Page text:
Whether you and your family are getting through the middle of fall with Halloween around the corner, in the cold of winter with the promise of Valentine’s Day sweets, or approaching the spoils of Christmas, it’s inevitable that there may be candy around the house. Chocolate, sugared cookies, caramels, candy canes, butterscotch candies, and many more varieties may be found in mass quantities at parties, school, and work.
What many dentists worldwide have told their patients time and time again is to try and avoid sweets completely. We know how difficult this is, and it can seem as if you are being tempted at literally every turn. If you already have a sweet tooth, it can be very difficult to resist anything new that comes your way, so today we will try to break it down a bit for you, and show you the good and the bad as far as candy is concerned.
Sugar-free lollipops and hard candies actually stimulate saliva, which can prevent dry mouth in the long run. This can allow for a very quick buildup of plaque on the teeth, which will always lead to an increased risk of harmful cavities. It’s important to always be on the lookout for added chemicals that can make the candy unhealthy, but this category is still a pretty good bet overall.
Sugar-free gum is actually known to have the ability to prevent cavities. While you are enjoying it, the gum can work to help dislodge the particles from between the teeth that can create bacteria, and also increase saliva production. Whenever the mouth has higher amounts of saliva, harmful acids and the potential of tooth decay go down.
Candy bars that have nuts can break up the bad qualities that sticky parts of candy, and it breaks up some of the biofilm you want to remove from teeth. Even though many people who love candy may picture these as a hazardous, hard type that can hurt your teeth, eating this type of candy can be a benefit in some cases.
Dark chocolate is known to be the best for your teeth by a very longshot. Some dentists claim that chocolate may be even more effective that fluoride in the battle against tooth decay. A compound has been discovered in chocolate that helps to actually harden the enamel on your teeth, giving them more durability and longevity. There are also amazing compounds in cocoa that have an antibacterial property, that aids in fighting plaque after you enjoy it.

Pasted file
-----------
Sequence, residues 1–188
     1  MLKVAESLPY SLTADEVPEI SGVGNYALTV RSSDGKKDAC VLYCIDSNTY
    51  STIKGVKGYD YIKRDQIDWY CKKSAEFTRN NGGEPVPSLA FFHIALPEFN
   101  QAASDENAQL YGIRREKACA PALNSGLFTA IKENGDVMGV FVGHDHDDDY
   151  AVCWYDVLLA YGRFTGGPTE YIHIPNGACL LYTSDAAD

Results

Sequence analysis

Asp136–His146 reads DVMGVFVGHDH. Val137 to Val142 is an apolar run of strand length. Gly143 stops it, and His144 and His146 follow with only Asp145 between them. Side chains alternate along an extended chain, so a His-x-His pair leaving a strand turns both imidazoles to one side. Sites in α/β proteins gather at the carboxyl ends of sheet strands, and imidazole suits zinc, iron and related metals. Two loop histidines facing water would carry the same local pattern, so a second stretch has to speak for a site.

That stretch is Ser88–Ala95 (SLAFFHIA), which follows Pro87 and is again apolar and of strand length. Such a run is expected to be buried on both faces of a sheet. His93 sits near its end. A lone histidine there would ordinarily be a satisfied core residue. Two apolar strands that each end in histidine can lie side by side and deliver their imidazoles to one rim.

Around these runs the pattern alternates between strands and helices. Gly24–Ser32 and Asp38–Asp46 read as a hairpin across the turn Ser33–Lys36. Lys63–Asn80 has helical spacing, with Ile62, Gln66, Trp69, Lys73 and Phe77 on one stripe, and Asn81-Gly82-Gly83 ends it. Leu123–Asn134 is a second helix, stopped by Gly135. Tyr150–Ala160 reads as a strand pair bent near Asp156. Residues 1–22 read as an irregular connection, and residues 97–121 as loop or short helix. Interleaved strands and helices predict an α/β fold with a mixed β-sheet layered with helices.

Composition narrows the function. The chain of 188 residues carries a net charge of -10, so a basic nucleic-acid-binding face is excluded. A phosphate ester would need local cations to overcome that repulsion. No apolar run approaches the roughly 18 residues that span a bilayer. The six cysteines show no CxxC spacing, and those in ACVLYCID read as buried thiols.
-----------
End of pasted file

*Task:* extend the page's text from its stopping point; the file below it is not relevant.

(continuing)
Treats like Tootsie Rolls, Gummy worms, and anything that is known to stick are the ones that are the most notorious for drastically increasing the chance of a cavity. Even though dried fruit is marketed as healthy, it simply is not healthy for your teeth, because of the somewhat lethal-to-your-teeth combination of sugar and other elements. If you can find a way to stick to real fruit, you’ll find it much less concentrated in sugar during the long run.
Lollipops that are not sugar-free can be very harmful to the teeth, and they should be eaten quickly, which is better than lingering and sucking on them for hours. The more frequently you suck on these, the more chance you have of greatly harming your teeth. Brushing and flossing right after lollipops is also a very good move to assure health.
Gummy worms have been known to be very acidic, which is one of the worst things that you can do to your teeth. The enamel on your teeth is the most important thing to insulate it, and when the enamel is lacking, the nerves becomes incredibly sensitive to abrupt changes in the things you eat and drink on a daily basis. By baking your own goods and using xylitol as a healthier sugar alternative, you can assure yourself the freedom to eat the candy you enjoy, but not have it be as hazardous.
Some think that candy is always a bad thing when it comes to dentistry, and the reason why this notion was followed so heavily is because many that eat too much candy do it every day. Attitudes towards sugar have been drastically changing lately, as many have finally learned once and for all the damage it can do. Gravitating towards the dark chocolate can be a temporary solution and lifesaver, as many who crave candy are fighting the battle to not constantly be eating candy all day, whether it is out on their desk, or on the kitchen table at home.